US denies sending 'threat' letter to Pakistan

State Department says all allegations are baseless
US denies sending letter to Pakistan—Photo: File
US denies sending letter to Pakistan—Photo: File

The US State Department has denied sending any letter to Pakistan, which Prime Minister Imran Khan said "carried threat against his government."

According to a story published by Dawn News, the State Department spokesperson called the allegations baseless.

“There is no truth to these allegations," said the spokesperson when asked about the alleged letter and US involvement in the no-confidence motion against the prime minister.

At a public rally in Islamabad’s Parade Ground on March 27, the prime minister claimed his government had received a “written threat” from outside the country and it was evidence of a foreign-funded conspiracy against the government.

“The contents of the letter, apparently, are based on informal discussions between Pakistani and other officials,” the report said while quoting a diplomatic source.

“The contents, if correct, show a set of friendly officials from various countries indulging in some loud-thinking and probing. Nothing more,”

The letter and its content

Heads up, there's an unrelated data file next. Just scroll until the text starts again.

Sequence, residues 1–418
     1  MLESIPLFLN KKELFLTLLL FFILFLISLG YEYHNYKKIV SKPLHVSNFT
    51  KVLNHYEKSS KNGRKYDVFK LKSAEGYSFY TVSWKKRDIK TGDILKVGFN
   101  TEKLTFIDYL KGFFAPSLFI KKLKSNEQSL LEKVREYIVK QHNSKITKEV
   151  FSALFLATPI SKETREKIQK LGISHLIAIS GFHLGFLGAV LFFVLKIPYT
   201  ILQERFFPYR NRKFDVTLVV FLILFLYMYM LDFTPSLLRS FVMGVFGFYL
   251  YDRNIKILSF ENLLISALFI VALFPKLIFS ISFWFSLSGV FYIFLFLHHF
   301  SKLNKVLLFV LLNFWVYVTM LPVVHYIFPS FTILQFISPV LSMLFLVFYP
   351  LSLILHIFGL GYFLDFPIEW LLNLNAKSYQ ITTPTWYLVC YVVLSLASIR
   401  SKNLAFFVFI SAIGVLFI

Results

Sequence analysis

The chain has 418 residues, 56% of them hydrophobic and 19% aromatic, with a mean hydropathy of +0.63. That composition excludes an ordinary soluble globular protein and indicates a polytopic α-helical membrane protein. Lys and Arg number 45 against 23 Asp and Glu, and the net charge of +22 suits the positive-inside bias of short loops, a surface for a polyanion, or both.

On Wednesday, PM Imran Khan discussed the "foreign threat" letter with journalists and military leadership.

Citing sources, SAMAA TV reported that the letter was sent by Pakistan Ambassador to the Unites States Asad Majeed Khan after his meeting with the US secretary of state.

Other reports claimed that the letter was not written by a foreign government but by an ambassador and contained assessment of bilateral relations between Pakistan and a western country.

The prime minister shared the contents of the letter with a group of journalists who included SAMAA TV's Imran Riaz Khan.

Imran Riaz Khan said that the letter was not shown to journalists but the contents of the letter were revealed.

“It is a conversation between two officials of Pakistan and the other country, as per my understanding, it is the US. The government, however, did not name the country, neither shared the number of officials or the meeting venue,” he said.

“They didn’t show us the letter as were bound not to share the details under the law,” he said.

Khan said that journalists were told that the language used in the letter was arrogant and threatening.

It is a document that tells that Americans have threatened that if no-confidence against Imran Khan fails, there would be consequences and if it succeeds, "the US would forgive Pakistan’s mistakes," added Khan.

There letter mentioned Pakistan’s stance on the Russia-Ukraine conflict and PM's visit to Russia. According to the letter, the US officials believe the prime minister decided on his own to visit Moscow.

According to Khan, this is an official document and it cannot be negated.

The government interpreted that the said country linked its foreign policy with the prime minister's exit.

About Nawaz Sharif’s involvement in the episode, the journalists were told that his meeting with various diplomats in London created the impression that the prime minister is against the US.

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